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What's in a name?

Honouring the faculty for whom our studios were named.

By Jeanette Reyes

Tony Abrams

Namesake of the former black box studio theatre on the 2nd floor of 44 Gerrard St East.

A bald person looks directly at the camera
a set in a small black box theatre resembles a dinner.

Abrams Studio Theatre, formerly on the 2nd floor of 44 Gerrard St. E - famous for the support pole that grace the middle of the playing space. Here, pictured with the set for Balm in Gilead, for the 2014/15 Season, directed by Philp Akin, set design by Brennan Emon.

When I took trips to the library for archives, almost every single show had the credit “designed by Tony Abrams.” He was the jack of all trades, specializing in costume, set, lighting, and sound design. 

Tony Abrams was born in England and was an exceptional student from the get-go. When he was young, he strongly preferred listening to the Metropolitan Opera broadcasts on the radio, rather than the popular music of the time. Around the age of 15, he watched a live opera for the first time and, from then on, fell in love with music and theatre. He initially pursued education and got his diploma. Tony would teach during the day, and attend school in the evenings to obtain the requirements to turn his certificate into a degree. While this was going on, he was still involved in amateur theatre. As soon as X started offering theatre school courses, Tony applied as a mature student in 1977. After graduating from the production program,  he stayed at the school, immediately becoming a resident set and costume designer and part-time instructor. Faculty members saw the potential he had, as he was very dedicated to creativity and design.  He had a strong passion for teaching. In 1989, he became a regular faculty member. He was a freelance designer and helped establish the Associated Designers of Canada (ADC). He would also dedicate extra time after school or on the weekends to teach students about opera, painting, or decoration since some of those courses were not offered for credit.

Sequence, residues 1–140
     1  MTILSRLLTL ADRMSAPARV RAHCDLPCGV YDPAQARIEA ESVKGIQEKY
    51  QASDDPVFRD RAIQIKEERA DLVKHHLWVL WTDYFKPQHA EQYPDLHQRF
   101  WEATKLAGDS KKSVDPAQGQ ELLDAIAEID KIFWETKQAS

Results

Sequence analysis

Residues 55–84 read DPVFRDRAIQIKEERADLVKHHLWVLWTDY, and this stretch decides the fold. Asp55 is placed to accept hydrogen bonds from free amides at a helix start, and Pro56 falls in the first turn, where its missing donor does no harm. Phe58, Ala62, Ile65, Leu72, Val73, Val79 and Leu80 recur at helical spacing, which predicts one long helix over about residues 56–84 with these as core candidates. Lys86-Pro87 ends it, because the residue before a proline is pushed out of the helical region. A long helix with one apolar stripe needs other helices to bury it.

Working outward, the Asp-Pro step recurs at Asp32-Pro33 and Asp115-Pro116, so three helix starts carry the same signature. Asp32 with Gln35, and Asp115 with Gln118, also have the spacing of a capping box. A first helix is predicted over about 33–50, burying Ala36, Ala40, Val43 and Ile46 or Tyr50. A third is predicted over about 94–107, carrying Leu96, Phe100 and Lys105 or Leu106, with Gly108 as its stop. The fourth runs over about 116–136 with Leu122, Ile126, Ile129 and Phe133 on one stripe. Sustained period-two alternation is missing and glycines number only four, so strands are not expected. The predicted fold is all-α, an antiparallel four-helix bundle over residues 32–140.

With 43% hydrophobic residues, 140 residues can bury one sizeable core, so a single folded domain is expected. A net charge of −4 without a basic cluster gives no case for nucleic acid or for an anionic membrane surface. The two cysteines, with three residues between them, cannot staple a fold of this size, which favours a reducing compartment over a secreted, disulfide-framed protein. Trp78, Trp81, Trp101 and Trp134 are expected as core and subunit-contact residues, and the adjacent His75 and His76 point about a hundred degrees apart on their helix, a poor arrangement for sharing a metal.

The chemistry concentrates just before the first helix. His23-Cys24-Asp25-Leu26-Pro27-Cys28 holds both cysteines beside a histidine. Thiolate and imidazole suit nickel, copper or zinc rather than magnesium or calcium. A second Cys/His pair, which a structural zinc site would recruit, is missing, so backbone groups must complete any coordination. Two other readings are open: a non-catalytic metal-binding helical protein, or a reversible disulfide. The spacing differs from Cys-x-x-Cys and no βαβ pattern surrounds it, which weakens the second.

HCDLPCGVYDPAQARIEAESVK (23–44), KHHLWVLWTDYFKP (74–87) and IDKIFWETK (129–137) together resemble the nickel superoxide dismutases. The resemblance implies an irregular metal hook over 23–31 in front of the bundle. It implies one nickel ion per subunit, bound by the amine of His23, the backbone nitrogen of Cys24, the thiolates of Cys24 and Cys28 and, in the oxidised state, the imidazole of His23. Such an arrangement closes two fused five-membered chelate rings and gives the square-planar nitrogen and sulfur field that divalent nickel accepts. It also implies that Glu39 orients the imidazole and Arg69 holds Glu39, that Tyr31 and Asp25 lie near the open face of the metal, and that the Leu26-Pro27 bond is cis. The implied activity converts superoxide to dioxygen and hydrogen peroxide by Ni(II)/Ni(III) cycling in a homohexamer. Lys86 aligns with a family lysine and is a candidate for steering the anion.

a stuff pinked snake looks silly coiled on the floor

Missing: Pink Snake

Tony Abrams was a key figure in designing the sets and costumes that went on stage at the school. In almost every article I could find about our past productions, his name would always be credited as the designer of the shows. He always hid strange artifacts into his sets, often including this pink snake. The school's mascot has been missing for years; if anyone has any stories of other sneaky stuffed animals or information on the snake's whereabouts, please connect with us!

Best Friends

Jean Charles Black recalls “My Tony” - as she calls him - as her best friend.  He  had a great sense of humour and accompanied her many times when travelling with students to London and Russia. Because he would often design for productions, he and Jean would collaborate to make the best costumes. Both were quite stern, as they believed in hard work and dedication to bring the best results. They made workdays into fun days, being able to hang out with one another doing the things they love most -costume and design! 

Two people look at a drawing of a mole in a fancy suit.

Tony Abrams with friend and fellow faculty member Jean Charles Black discussing design ideas. Photo courtesy of X Archives and Special Collections.

Tony's Legacy

Tony Abrams taught right up until his passing, at the age of 54 on December 1st, 1996. He passed away exactly 25 years ago, during the the 25th anniversary year of the school leading up to the winter break. That year, Tony designed the set and costumes for Romeo and Juliet and Lysistrata. Bob Vernon (past carpenter) took over the final design tasks for the pieces in Tony’s honour. The entire school attended his funeral. When he passed, Peter Fleming (current staff member) inherited his office and has kept many of his things in his honour. 

Tip: If you pass by Peter’s office today and spot a giant “W,” ask him about it!

Tony’s dedication to education and theatre embodies what the school continually aims to achieve with all it’s students. Tony Abrams passed away at an early age, and many saw his potential. At his passing, staff and faculty collectively decided to name the studio theatre after him. His yearning for education would inspire other students to continually achieve their dreams in the performing arts. 

A plaque reads "Tony Abrams. 1942-1996, May his passion for life live on through us all". A picture of Tony Abrams in the middle

Photo of the plaque that was displayed beside the entrance of the Abrams Studio Theatre. Photo courtesy of the School of Performance Archives.

*The Standing Strong (Mash Koh Wee Kah Pooh Win) Task Force has submitted its final report with recommendation to develop principles to guide commemoration at the university and to respond to the history and legacy of the university's namesake. Included in the list of 22 recommendations agreed to by the university's administration, is the call to change the university's name.